There are pros and cons to both approaches, but one of the similarities between the plot-driven story and the character-driven story is that in both cases the cast has to seem genuine.

52 Brilliant Ideas – Inspired creative writing

Here’s an idea for you...

Pick a character you’ve been working on for a while and write several sketches placing them in unusual scenarios. Start off small: try several different seemingly mundane scenarios from your character’s past, then pick something more dramatic, the kind of thing you’d find in a plot-based story – a nuclear explosion, an alien invasion, anarchy on the streets of the capital. Now place the same character in the action and see what happens.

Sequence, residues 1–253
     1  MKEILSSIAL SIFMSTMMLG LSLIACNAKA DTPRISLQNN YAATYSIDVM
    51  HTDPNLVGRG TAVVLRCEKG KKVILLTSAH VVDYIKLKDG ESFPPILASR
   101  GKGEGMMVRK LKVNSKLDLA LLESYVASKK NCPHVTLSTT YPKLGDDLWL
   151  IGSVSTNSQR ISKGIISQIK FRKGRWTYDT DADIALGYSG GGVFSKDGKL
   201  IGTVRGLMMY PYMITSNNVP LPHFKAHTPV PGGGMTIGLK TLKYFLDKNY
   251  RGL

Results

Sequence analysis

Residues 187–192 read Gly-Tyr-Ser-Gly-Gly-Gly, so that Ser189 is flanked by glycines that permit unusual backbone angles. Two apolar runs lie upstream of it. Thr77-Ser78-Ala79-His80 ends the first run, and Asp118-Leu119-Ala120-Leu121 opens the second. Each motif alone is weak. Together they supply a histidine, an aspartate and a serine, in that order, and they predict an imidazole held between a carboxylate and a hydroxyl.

Strong, well-developed characters can become so real in your mind that they drive the story. At one point in my own writing career I thought it impossible for the author to lose control, but while writing one novel I was amazed to find that the characters I had created didn’t always want to follow my plan of action – like your own children finally learning to talk back.

When they become ‘autonomous’ in this way, let them lead for a while. You might be pleasantly surprised where it takes you. Be warned, however, that when you let your characters off the leash they may wander errantly in circles and end up accomplishing nothing but boring a reader to tears.